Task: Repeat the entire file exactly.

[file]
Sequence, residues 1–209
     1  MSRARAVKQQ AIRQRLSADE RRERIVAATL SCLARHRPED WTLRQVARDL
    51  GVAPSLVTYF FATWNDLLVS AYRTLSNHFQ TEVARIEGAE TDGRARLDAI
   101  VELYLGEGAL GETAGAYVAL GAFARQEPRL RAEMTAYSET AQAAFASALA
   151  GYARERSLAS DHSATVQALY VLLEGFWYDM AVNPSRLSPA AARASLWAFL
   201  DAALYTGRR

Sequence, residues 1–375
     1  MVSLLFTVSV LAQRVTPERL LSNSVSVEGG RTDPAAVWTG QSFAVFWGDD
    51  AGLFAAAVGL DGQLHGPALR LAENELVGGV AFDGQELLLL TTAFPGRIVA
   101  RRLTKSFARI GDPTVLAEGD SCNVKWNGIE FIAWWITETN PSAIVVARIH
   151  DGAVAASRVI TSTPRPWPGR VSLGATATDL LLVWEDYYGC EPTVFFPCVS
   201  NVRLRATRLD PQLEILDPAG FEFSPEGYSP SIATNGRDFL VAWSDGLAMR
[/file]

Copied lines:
Sequence, residues 1–209
     1  MSRARAVKQQ AIRQRLSADE RRERIVAATL SCLARHRPED WTLRQVARDL
    51  GVAPSLVTYF FATWNDLLVS AYRTLSNHFQ TEVARIEGAE TDGRARLDAI
   101  VELYLGEGAL GETAGAYVAL GAFARQEPRL RAEMTAYSET AQAAFASALA
   151  GYARERSLAS DHSATVQALY VLLEGFWYDM AVNPSRLSPA AARASLWAFL
   201  DAALYTGRR

Sequence, residues 1–375
     1  MVSLLFTVSV LAQRVTPERL LSNSVSVEGG RTDPAAVWTG QSFAVFWGDD
    51  AGLFAAAVGL DGQLHGPALR LAENELVGGV AFDGQELLLL TTAFPGRIVA
   101  RRLTKSFARI GDPTVLAEGD SCNVKWNGIE FIAWWITETN PSAIVVARIH
   151  DGAVAASRVI TSTPRPWPGR VSLGATATDL LLVWEDYYGC EPTVFFPCVS
   201  NVRLRATRLD PQLEILDPAG FEFSPEGYSP SIATNGRDFL VAWSDGLAMR